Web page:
Before we get started, lets clear one thing up. This is DISABILITY Pride, no requirement to identify as LGBTQ+ required, although of course, that’s absolutely fine, I can personally vouch for that! So many people I’ve spoken to or heard about thought the event was for disabled LGBTQ+ people, but it was for all disabled people, friends, families, carers, assistance and pet dogs included.
The wonderful organiser decided to set the event up after an awful experience her own disabled daughter had out and about in Brighton (read here) and it was held on the same day as New York and Italian Disabled Pride. It was a small, but action packed and incredibly eye opening event. In addition to the event Brighton Dome also held an interactive exhibition on invisible disabilities (find out more here)
My wife and I both attended and had a brilliant, if not emotional, afternoon together. I promptly got glitter painted on to my face (which I am still finding in the house, and at work, now) and headed over to Lunch Positive Community Cafe for a tasty bruschetta and possibly the most delicious fudge cake we’ve ever eaten. There were inspirational speeches, live music, and a community area where there were a few charities we managed to have a chat to. We also bumped in to a couple delightful Dog A.I.D. pooches again and had a brief cuddle or three. There was plenty of space to chill out and step away from the madness, and I felt more than comfortable using Sticky (unique I know!) to help me get around.
Just around the corner from the event is Brighton Dome, a beautiful old building which house the Hidden Project exhibition. It was an interactive display of art based around invisible illnesses. I’ll let you check out the photos below and the website for full details. It was an evocative and emotional experience for both myself and my wife who also has health concerns. The most poignant part of the exhibition was a video which actually brought me to tears. I was sat in the middle of the room full of people engaging with the exhibition crying my eyes out because one of the people on the video, Robbie, summed up what I’ve been trying to find the words for for years. He explained how he wanted people to see the old Robbie, and how he wanted that person back. all I can say is thank goodness for sunglasses! I also managed to do a bit of fangirling as I spotted a blogger I follow, Natasha Lipman, on the wall.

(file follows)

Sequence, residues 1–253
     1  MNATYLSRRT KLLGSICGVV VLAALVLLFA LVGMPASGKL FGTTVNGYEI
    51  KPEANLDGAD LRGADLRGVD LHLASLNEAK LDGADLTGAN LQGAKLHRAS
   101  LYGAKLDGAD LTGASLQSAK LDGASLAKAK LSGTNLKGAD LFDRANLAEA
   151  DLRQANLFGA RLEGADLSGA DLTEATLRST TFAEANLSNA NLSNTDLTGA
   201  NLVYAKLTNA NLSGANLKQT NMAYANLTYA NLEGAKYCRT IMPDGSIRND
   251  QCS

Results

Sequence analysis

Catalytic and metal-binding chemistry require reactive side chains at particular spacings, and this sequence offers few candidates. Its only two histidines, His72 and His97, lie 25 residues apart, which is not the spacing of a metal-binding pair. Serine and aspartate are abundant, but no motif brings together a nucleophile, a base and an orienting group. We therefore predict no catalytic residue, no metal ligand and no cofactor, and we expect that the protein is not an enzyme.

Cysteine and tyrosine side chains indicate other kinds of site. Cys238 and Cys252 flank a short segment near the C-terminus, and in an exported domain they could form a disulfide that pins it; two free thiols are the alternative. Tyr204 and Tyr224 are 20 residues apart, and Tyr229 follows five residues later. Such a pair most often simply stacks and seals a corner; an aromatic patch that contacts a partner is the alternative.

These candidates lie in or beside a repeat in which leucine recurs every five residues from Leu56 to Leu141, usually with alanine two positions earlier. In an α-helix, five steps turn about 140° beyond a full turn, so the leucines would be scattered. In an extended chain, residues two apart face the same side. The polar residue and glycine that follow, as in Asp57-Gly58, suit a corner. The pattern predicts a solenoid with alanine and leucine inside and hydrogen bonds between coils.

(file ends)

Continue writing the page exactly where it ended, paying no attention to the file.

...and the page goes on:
I’ll stop rambling for now and let you enjoy the exhibition through the photos I managed to take of each exhibit.
Finally the short afternoon came to an end but we had to take half an hour sitting on cosy seats in a cafe before I felt up to travelling home.
Last but not least, a few useful links in from the day:
Brighton & Hove LGBT Disabled Group – contact firstname.lastname@example.org